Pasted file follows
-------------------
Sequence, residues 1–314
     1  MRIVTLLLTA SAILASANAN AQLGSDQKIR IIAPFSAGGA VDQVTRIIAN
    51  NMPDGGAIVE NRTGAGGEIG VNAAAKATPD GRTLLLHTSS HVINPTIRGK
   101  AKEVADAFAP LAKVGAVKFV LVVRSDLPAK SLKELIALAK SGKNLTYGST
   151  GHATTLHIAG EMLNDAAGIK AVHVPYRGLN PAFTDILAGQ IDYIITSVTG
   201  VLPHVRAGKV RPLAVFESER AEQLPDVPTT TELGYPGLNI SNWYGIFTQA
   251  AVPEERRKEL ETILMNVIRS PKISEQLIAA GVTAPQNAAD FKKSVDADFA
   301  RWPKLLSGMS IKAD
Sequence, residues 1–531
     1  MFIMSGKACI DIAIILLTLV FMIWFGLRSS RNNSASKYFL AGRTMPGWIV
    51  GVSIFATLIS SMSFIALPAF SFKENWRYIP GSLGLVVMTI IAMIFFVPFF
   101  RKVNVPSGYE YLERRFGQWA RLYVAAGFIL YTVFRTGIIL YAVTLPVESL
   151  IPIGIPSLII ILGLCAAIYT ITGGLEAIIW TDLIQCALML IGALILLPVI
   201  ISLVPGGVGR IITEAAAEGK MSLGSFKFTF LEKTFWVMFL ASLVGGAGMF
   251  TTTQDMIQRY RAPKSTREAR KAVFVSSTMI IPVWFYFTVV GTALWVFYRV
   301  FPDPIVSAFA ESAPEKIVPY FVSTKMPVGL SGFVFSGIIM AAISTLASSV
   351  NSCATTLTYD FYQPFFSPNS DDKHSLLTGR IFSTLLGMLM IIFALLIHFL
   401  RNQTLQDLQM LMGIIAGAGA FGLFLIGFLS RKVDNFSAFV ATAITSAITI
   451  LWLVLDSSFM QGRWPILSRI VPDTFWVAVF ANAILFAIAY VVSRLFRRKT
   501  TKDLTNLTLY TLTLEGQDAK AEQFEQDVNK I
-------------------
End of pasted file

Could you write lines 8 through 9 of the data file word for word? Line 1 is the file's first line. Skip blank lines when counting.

   301  RWPKLLSGMS IKAD
Sequence, residues 1–531